The  Power of Rotary:  Saving Health and Lives in Uganda

Dr. Scott KellermannRotary Club of Nevada City 49er Breakfast

Immunizations in the Andes
My family and I lived and worked in Nepal for 2 ½ years in the late 1970s, where our youngest son was born. We enjoyed the experience so much, subsequently every summer we would volunteer in the developing world, assisting in some capacity. My initiation to Rotary International came in the early 1990s when we volunteered in Bolivia. My sons started the first Bolivian Little League baseball team, while I climbed high in the Andes to assist with an immunization program. Hiking over 14,000’ passes, I surprised many of the villagers who had never seen a foreigner. I carried a cool-box with a curious wheel inscribed on the side and wondered, “What type of organization could possibly care about these isolated mountain people?” When I returned to the U.S., I discovered that the wheel was the symbol of Rotary International. Shortly thereafter, I became a Rotarian. I was impressed that the fellowship of Rotary international has a major impact on not only disease prevention but also improving the trajectory of poverty, education and world peace.
Years ago, I joined with several Nevada County, California doctors and formed an organization named Luke Medical Foundation (LMF). LMF provides medical education and health care in the Tijuana region. Rotary International has assisted in supplying equipment for Clinica Filadelfia Hospital in Matamoros, where numerous Rotarians from District 5190 have volunteered. 

The Batwa pygmies
In 2001, my wife Carol and I relocated to a remote area of southwestern Uganda, to work with the indigenous Batwa pygmies of the Bwindi Impenetrable Forest. This region is one of the most remote in sub-Saharan Africa, lacking paved roads, public transportation, electricity or clean water. Over the years, in conjunction with Rotary International and many volunteers’ support, the Bwindi Community Hospital (BCH) has been built. BCH is a 135-bed institution (currently expanding to 175-beds), which serves a population of >250,000. BCH is ranked one of the finest hospitals in East Africa. Rotary International has supplied the X-ray unit, ultrasound, equipped the surgical theater and medical wards and has sent volunteers to assist. A Reno Rotarian, Jerry Hall, visited BCH and helped reorganize the management structure of the hospital, assuring its sustainability.
A RI 3-H water/sanitation project resulted in a decrease of childhood diarrheal rates in BCH’s catchment area by >50%.
Through RI’s bed-net campaign, malaria rates have been reduced by >90%.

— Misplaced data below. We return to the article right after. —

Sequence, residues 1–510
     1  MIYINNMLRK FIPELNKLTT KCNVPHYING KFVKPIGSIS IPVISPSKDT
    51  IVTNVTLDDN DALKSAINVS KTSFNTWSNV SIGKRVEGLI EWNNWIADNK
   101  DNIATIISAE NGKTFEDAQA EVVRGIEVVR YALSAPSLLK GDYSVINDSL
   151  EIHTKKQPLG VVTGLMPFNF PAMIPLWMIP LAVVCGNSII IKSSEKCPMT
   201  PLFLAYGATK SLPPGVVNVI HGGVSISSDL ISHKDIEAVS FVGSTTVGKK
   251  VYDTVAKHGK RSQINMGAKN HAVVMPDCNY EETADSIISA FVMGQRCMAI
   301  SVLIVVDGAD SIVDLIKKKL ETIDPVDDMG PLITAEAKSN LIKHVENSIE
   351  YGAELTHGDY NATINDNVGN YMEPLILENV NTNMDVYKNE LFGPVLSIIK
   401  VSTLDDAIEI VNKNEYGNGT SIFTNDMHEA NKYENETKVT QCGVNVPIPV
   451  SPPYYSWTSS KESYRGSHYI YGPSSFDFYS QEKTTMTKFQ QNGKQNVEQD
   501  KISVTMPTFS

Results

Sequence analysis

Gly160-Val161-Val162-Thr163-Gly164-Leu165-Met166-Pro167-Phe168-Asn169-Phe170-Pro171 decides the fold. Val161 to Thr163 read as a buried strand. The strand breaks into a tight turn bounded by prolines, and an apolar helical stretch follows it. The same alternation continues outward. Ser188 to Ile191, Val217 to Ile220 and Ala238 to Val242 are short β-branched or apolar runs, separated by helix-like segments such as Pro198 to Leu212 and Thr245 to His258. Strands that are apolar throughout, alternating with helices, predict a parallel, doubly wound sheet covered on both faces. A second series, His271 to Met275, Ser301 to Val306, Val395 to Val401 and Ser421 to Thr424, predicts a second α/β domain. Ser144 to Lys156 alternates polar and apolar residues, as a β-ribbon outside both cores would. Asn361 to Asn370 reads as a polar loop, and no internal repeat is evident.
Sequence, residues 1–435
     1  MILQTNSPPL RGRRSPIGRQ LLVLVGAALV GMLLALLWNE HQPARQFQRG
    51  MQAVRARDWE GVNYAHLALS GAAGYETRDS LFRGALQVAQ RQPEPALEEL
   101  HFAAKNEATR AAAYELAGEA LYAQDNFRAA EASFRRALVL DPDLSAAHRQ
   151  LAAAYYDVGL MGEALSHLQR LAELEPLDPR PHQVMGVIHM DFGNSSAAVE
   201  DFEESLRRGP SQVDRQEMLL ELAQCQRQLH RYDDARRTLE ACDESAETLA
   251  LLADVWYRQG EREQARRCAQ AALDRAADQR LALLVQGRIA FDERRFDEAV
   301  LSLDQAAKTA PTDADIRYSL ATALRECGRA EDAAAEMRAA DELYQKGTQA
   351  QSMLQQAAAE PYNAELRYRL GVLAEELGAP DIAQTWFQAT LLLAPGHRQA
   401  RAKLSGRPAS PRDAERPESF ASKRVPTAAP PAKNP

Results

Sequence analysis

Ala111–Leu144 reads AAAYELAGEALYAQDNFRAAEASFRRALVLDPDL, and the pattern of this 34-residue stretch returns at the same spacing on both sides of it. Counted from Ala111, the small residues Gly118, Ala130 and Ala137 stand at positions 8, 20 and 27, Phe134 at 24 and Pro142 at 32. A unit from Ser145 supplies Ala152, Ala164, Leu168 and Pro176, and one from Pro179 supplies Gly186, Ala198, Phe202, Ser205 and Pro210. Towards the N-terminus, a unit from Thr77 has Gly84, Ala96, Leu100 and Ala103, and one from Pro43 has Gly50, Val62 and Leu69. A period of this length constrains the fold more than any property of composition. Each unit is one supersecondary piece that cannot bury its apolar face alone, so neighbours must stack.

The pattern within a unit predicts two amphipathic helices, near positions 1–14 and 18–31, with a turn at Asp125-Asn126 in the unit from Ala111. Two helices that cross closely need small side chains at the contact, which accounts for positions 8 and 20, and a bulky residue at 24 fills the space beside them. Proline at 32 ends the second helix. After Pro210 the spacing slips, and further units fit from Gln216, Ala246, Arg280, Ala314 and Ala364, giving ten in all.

Jerry Hall, with Tasha Hall
Reno Rotary Club
More recently a nursing school, the Uganda Nursing School – Bwindi (UNSB) has been constructed. UNSB educates nurses who deliver high quality compassionate care to the villages. 
Rotary International, through a Global Grant initiated by Rotarian Jerry Hall, equipped UNSB. More recently, a 18,000 sq. ft. simulation lab at UNSB was constructed. Yet another RI global grant will supply the computers, mannikins and equipment. UNSB, which started with a class of 15 students, now has expanded to 400 students and is one of the highest ranked nursing schools in Uganda.
Diseases have been prevented, lives saved, a forgotten people educated and lasting relationships forged, all due to Rotary International’s involvement.

Uganda Nursing School - Bwindi
Besides supplying equipment, Rotarians have volunteered their services and expertise. Rotary International has enabled health care and education to be brought to an area of the world where previously it was only a dream. In the process, the lives of many of the Rotarian volunteers have been positively impacted. These RI projects have proved to be truly beneficial to all concerned.

RI Volunteers from District 5190
The Batwa have an expression, “Agari Hamwe Nigo Agata Egufa” (literally - it takes all the teeth to break the bone or the way they understand it, “united we stand”). It has been through collaborations with Rotarians of District 5190, the Batwa and the generosity of many individuals that an extraordinary level of success has been achieved in a remote portion of the world.
The Batwa speak very little English, perhaps “hello and good-by” but there is one word that is known to all – “Rotary.”